Study shows cannabis smoking affects male fertility

Over 2,000 recruited by University of Sheffiled for research

Men who smoke cannabis may be damaging their sperm and should give up the habit if they are trying to start a family, according to new research. It found no evidence of a similar effect from drinking alcohol or conventional smoking.

The study by the University of Sheffield into the impact of lifestyle on the size and shape of sperm also found that sperm quality is worse in summer months, but better in men who had abstained for more than six days.

Nearly 2,300 men attending 14 fertility clinics were recruited for the study, published in the medical journal, Human Reproduction, and asked to fill out detailed questionnaires about medical history and lifestyle.

Men who produced low-quality sperm, particularly if they were younger than 30, were twice as likely than those with higher-quality sperm to have used cannabis in the three months beforehand .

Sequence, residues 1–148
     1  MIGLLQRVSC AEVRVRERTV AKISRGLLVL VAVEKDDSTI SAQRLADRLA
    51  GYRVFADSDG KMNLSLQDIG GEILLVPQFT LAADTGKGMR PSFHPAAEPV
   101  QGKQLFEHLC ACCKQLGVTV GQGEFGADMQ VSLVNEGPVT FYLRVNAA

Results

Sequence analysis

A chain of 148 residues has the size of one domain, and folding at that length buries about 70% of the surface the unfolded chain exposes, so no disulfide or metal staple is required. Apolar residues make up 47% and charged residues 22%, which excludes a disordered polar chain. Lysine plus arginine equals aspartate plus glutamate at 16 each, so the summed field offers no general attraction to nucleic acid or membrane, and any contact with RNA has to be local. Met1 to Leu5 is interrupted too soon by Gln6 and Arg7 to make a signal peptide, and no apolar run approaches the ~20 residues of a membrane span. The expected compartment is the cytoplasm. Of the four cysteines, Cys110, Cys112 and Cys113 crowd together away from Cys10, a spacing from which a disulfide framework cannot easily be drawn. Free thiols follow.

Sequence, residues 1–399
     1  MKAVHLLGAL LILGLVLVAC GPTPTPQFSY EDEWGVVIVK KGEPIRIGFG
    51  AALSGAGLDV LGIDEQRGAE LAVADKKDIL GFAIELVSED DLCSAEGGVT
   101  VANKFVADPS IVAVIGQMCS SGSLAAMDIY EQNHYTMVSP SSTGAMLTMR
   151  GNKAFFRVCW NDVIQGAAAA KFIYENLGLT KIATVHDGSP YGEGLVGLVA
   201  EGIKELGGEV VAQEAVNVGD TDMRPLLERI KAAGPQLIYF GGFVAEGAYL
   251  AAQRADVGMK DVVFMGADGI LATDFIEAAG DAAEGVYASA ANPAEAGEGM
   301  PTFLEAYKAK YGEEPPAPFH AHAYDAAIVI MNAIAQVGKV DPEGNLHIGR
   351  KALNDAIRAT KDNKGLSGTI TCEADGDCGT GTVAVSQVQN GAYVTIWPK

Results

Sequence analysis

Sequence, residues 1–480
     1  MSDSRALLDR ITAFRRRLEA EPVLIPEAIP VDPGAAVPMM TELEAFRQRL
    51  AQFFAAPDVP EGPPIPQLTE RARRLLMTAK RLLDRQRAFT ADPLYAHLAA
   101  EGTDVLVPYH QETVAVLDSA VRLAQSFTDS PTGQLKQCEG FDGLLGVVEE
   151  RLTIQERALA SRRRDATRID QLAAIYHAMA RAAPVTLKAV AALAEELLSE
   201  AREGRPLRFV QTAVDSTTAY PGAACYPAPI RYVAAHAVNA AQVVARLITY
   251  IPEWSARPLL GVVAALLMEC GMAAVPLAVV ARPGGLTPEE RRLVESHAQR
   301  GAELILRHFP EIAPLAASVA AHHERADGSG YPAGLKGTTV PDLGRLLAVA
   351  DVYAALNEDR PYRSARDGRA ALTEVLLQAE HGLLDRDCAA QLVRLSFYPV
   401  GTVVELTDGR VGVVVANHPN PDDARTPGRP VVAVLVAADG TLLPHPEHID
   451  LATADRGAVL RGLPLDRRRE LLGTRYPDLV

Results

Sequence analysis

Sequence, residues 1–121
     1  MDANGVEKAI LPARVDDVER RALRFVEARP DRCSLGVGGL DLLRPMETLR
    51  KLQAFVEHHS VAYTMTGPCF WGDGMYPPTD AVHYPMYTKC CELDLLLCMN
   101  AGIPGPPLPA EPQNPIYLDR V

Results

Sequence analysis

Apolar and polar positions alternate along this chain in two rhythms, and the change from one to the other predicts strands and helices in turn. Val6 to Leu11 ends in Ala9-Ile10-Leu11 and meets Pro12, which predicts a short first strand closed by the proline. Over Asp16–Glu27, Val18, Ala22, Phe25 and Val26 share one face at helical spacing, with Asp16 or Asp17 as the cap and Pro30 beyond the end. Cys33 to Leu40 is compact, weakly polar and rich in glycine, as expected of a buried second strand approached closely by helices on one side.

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Previous research has shown that only high-quality sperm is able to make its way to the womb to fertilise, suggesting that lower-quality sperm “swim less well because their abnormal shape makes them less efficient”, the university said.

"Our knowledge of factors that influence sperm size and shape is very limited," said the head of the study, Dr Allan Pacey, senior lecturer in andrology at the university.

“Many men are concerned to try and identify any factors in their lifestyle that could be causing this. It is therefore reassuring to find that there are very few identifiable risks,” he said.

Despite the results, the jury is still out on the effects of alcohol, or smoking on sperm, since other qualities besides its shape – such as the quality of the DNA held within it – were not measured by the study.

Mark Hennessy

Mark Hennessy

Mark Hennessy is News Editor of the The Irish Times